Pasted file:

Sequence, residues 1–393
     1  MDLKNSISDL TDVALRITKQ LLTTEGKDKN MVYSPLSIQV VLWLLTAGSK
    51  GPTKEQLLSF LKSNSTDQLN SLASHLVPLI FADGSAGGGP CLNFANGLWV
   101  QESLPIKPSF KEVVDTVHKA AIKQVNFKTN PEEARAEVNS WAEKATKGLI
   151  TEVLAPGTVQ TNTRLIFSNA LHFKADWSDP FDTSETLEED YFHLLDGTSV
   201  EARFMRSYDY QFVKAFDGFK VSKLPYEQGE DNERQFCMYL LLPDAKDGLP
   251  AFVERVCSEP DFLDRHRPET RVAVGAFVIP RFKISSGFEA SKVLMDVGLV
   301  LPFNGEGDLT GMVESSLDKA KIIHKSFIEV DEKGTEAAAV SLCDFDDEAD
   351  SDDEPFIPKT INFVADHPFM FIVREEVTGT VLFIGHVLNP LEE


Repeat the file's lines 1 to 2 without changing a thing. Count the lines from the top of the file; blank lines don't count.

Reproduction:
Sequence, residues 1–393
     1  MDLKNSISDL TDVALRITKQ LLTTEGKDKN MVYSPLSIQV VLWLLTAGSK